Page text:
Spring is in the air! Its the time of year to release your gametes into the water and make baby barnacles. But wait a second, you are a permanent fixture on a rock. Can’t move. What is a young, lovestruck sessile she-male to do? Well, if you are hung like a barnacle you don’t really have to move that far.
Barnacles are known as the John Holmes of the invertebrate world with penises reaching up to 10 times their body size. Not all barnacles are equally endowed though. To make the situation more complicated, barnacles are hermaphrodites. Eric Charnov proposed an extension of Sex Allocation Theory to simultaneous hermaphrodites, those individuals carrying both male and female reproductive parts at the same time. His model makes predictions for how much resources should be allocated in being male or female based upon how competitive your local environment. Thankfully for barnacles, being unable to move confines your locality to a rather small portion of rock. Or does it?
How much does a penis cost?
Barnacles tend to flock to one another, their larvae exhibiting what researchers call gregarious settlement. This results in dense mats of barnacles upon barnacles on rocky shores. New research from Matt Hoch, a PhD student at SUNY-Stony Brook, tests the effects of overcrowding and wave exposure on the penis morphology of the acorn barnacle, Semibalanus balanoides. But bigger is not necessarily always better as Hoch explains:
“Variation in barnacle penis traits may be important when comparing sex allocation of barnacles for several reasons. As the number of individuals in the mating group increases, mate competition intensifies, which is predicted to lead to greater relative allocation to male function. The penis itself represents a significant investment into male function, in terms of construction, maintenance and performance costs. For example, the presence of the penis, located between the feeding cirri on the terminal body segment, may reduce feeding efficiency. As penises grow larger, interference with feeding is expected to increase.”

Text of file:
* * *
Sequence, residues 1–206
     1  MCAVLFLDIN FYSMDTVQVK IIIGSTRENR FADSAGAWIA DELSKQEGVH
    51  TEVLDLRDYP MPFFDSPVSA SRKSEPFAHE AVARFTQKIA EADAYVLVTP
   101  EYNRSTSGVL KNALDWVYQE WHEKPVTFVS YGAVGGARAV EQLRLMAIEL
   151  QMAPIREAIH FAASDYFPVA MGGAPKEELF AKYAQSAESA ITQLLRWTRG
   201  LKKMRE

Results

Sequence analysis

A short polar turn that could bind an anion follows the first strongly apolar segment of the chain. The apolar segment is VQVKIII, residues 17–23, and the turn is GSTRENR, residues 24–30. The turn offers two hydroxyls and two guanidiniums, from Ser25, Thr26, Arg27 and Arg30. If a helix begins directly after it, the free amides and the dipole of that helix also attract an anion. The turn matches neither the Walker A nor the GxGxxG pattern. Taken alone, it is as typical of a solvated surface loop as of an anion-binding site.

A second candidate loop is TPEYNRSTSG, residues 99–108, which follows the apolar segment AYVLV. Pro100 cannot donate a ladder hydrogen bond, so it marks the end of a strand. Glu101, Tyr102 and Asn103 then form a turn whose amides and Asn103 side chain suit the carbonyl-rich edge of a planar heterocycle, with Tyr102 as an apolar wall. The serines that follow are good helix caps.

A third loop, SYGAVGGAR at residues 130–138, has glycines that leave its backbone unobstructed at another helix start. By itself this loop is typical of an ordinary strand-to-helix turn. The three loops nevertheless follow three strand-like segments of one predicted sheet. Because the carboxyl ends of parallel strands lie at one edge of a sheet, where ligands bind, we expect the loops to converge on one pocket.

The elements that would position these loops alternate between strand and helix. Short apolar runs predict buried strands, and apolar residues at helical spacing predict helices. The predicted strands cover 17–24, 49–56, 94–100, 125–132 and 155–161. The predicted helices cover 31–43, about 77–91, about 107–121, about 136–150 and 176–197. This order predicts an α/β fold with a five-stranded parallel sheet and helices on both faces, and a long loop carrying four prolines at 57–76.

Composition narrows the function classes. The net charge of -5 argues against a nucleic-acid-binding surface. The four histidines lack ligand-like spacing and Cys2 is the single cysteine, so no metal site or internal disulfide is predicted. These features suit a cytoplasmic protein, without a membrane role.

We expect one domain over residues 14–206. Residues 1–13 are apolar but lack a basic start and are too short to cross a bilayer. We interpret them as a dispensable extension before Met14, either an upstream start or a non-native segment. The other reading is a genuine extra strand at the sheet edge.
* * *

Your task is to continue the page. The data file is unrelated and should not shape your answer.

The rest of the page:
For most of the year, the barnacle’s penis is rather languid. The vernal season for this little fellow is September to October where it rapidly grows until ready to spring into action come November. Unfortunately, the excitement of it all is short lived and the penis is cast off with the next moult upon mating. Because the growth and decay of the penis happens so quickly, Hoch hypothesizes that it is costly to maintain this one-use only appendage. If the closest neighbor is far away, it will need to invest more energy into maleness, resulting in a longer penis.
Hoch compared barnacles found in a crowd, when their shells were touching their neighbor’s (see photo above), to those in uncrowded situations. Studying barnacles in scenic Shinnecock Bay in Long Island, NY Hoch found that crowded barnacles had significantly shorter penises than its un-crowded bethren. Yet, the thickness at the base remained unchanged and there was no difference in the relationship between penis length and body volume between living arrangements. Additionally, as the distance between neighbor’s increased, there were fewer fertilized egg masses. So depending on you look at it the barnacle trades off size for action.
Barnacles take a lickin’ and keep on kickin’